Searching for a new role that you actually want and will enjoy takes enough time, effort and patience as it is – without the added complexity of trying to change industries or careers. Whether you are moving to a new company by choice, making a complete career change, struggling after being made redundant out of the blue, or downsizing to retirement, the career transition process can be tough.
Follow these steps to help ensure a smoother transition from where you are today to where you want to be.
1) Know What You Want: this is a crucial first step to ensuring you end up in a role you love. Understanding what makes you happiest when working is a great place to start. Some people we talk to think this is ‘pie in the sky’ stuff – that every job is full of tasks and responsibilities that aren’t that much fun. But take some time to identify the areas in your work that you enjoy, and those areas you’d like to do more of – and you’ll be on your way to identifying what you should be doing as a next step.
2) Do Your Research: instead of assuming the grass is greener on the other side, make sure you do your research first so the decisions you make are all based on facts, not fiction.
3) Audit Your Skills: this is important for most people, but particularly so if you’re looking to make a career change. If you want to avoid jumping from one job to the next, you need to audit your skills. Look at what you know, and how your skills might be transferrable – brainstorm ways in which they may help you progress to that next role.
4) Plug Your Gaps: decide if your skills, knowledge, expertise etc. is lacking and work out how to fix it. This might mean undertaking additional training, education or short courses or it might just mean doing some research or networking of your own.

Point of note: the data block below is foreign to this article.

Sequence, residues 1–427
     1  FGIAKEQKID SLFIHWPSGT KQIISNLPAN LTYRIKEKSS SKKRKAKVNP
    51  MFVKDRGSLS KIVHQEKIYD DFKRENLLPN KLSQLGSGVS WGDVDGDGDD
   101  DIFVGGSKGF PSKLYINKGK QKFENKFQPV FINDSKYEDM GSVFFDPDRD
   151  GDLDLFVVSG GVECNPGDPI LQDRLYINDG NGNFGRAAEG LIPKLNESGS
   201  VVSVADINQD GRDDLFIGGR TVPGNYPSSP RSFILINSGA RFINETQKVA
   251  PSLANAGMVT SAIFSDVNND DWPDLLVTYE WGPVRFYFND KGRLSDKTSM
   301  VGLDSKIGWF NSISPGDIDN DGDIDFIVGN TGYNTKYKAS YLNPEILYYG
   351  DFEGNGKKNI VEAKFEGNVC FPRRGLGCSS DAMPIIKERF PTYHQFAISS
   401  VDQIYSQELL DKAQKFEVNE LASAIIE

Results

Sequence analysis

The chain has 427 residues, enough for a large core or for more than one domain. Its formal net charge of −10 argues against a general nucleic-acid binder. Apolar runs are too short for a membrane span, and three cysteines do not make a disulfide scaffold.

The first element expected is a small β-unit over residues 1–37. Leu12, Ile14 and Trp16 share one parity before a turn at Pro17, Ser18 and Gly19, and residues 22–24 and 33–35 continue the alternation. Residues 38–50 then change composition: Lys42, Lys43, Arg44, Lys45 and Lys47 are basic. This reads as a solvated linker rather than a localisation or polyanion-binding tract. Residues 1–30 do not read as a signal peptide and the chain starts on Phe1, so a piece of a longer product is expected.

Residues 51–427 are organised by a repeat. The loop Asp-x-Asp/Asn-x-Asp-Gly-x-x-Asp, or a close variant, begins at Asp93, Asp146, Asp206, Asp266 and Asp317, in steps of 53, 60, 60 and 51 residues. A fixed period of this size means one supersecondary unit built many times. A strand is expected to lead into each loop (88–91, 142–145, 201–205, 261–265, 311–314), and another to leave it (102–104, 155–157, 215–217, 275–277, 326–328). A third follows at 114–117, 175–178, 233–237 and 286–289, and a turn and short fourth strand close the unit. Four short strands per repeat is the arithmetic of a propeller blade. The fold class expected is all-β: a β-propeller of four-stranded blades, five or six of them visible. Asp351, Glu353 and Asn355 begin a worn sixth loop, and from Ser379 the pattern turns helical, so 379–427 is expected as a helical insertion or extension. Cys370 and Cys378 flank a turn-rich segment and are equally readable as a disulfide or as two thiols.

5) Don’t Rush: if you can afford the time, don’t rush the process. Opportunities have a way of presenting themselves when you open yourself to them, so take some time to qualify prospects and ensure they are meeting your future goals.
6) Get Online: if you’re not on LinkedIn, now is the time to join. Analyse your professional presence online and optimise it. Update your LinkedIn profile regularly and utilise your connections to open up opportunities for new roles.
7) Network: networking (both online and in more traditional formats) is important for anyone seeking employment, but is particularly so for people transitioning. Follow and reach out to associations and follow companies, subject matter experts, and thought leaders on LinkedIn. Networking may well uncover roles that have not been advertised.
8) Ask for Help: learn to ask for and accept help when it’s offered. Most experienced individuals are more than happy to help, so long as it’s appreciated and not taken for granted. So seek assistance and leverage others’ success to help fulfil your own career goals.
9) Be Realistic: understand the process could take time. Most experts estimate a straight forward career transition, where no additional training is required, takes at least six months. In the mean-time, you could think about doing some consulting, freelancing, internships or trainee work. You should also prepare yourself for the chance you may have to take a pay cut or demotion to secure the right opportunity.
10) Practice Before the Interview: when you land that all important interview, don’t blow it. Use the S.T.A.R. (Situation, Task, Action, Result) approach or similar to articulate some examples and practice them before the big day. That way, when put on the spot, you’ll be able to clearly explain how you’ve added value or solved problems in the past.
A career coach can help you navigate the process, assisting you with everything from researching your dream role to brushing up your interview skills. If you would like help with your career transition, please see our Career Advice and Career Counselling Services.